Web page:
On October 27, 2016 at 10:00 a.m., Comey held a meeting with the Clinton E-mail Investigation team to discuss obtaining a search warrant for a set of Clinton related e-mails the FBI had discovered on a laptop belonging to Anthony Weiner, and taking additional steps in the Clinton E-mail Investigation. Special Counsel attended the meeting. McCabe was out of town, but joined the meeting via conference call. Shortly after the meeting began, the then-FBI General Counsel (“FBI-GC”) suggested, and Comey agreed, that McCabe should leave the call. Comey told us that he asked McCabe to drop off the call, and McCabe was “very unhappy about it.” Special Counsel also left the meeting. After discussions between FBI and Department leadership, on October 28, 2016, Comey sent a letter, over Department objections, informing Congress that the FBI was taking additional steps in the Clinton E-mail Investigation.

Accounts differ about the reason for excluding McCabe from the October 27 call. McCabe told the OIG that the reason stated on the call for dropping him related to the potential for discussion about classified information. However, Comey, [redacted], and and Special Counsel all told us that Comey asked McCabe to leave the call out of an abundance of caution because of appearance issues following revelations in the WSJ October 23 article about the campaign donations from McAuliffe-associated PACs to McCabe’s wife. McCabe discussed the issue of his participation in the Clinton e-mail matter further with Comey and FBI-GC by telephone later that day. After these conversations, McCabe sent a text message to Special Counsel stating: “I spoke to both. Both understand that no decision on recusal will be made until I return and weigh in.”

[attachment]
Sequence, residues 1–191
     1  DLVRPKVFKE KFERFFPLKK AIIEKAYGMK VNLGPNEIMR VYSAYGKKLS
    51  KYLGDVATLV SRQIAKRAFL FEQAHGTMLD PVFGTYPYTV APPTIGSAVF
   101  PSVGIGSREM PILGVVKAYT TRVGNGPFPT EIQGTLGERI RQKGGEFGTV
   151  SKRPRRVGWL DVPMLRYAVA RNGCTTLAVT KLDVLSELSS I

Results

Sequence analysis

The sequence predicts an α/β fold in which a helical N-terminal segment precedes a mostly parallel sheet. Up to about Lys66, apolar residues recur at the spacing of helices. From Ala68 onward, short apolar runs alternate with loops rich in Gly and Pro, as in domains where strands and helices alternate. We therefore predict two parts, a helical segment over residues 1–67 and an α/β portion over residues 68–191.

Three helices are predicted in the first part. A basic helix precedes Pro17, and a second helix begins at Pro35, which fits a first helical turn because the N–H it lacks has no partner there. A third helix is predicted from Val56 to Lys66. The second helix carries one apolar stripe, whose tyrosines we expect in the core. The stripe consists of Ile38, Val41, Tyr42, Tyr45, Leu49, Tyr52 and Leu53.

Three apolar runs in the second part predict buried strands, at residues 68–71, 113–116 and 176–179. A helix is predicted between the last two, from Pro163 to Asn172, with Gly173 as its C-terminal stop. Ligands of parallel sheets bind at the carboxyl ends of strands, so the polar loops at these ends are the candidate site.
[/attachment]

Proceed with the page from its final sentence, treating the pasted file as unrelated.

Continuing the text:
If McCabe had sought guidance about his wife’s run, and that run was already a year old, then there were no appearance issues at all. Beyond that, no one knew the conference call had taken place and it the existence of it would have been shielded under FOIA. So there was no “appearance” issue but there seems to be a lack of trust. Something that would be expected if the FBI and Justice leadership had been blindsided by the October 23 WSJ article.

What has me leaning to the “he lied to everyone” story is that the IG report is heavy with footnotes. Literally every fact in the report has documentation. But this one doesn’t.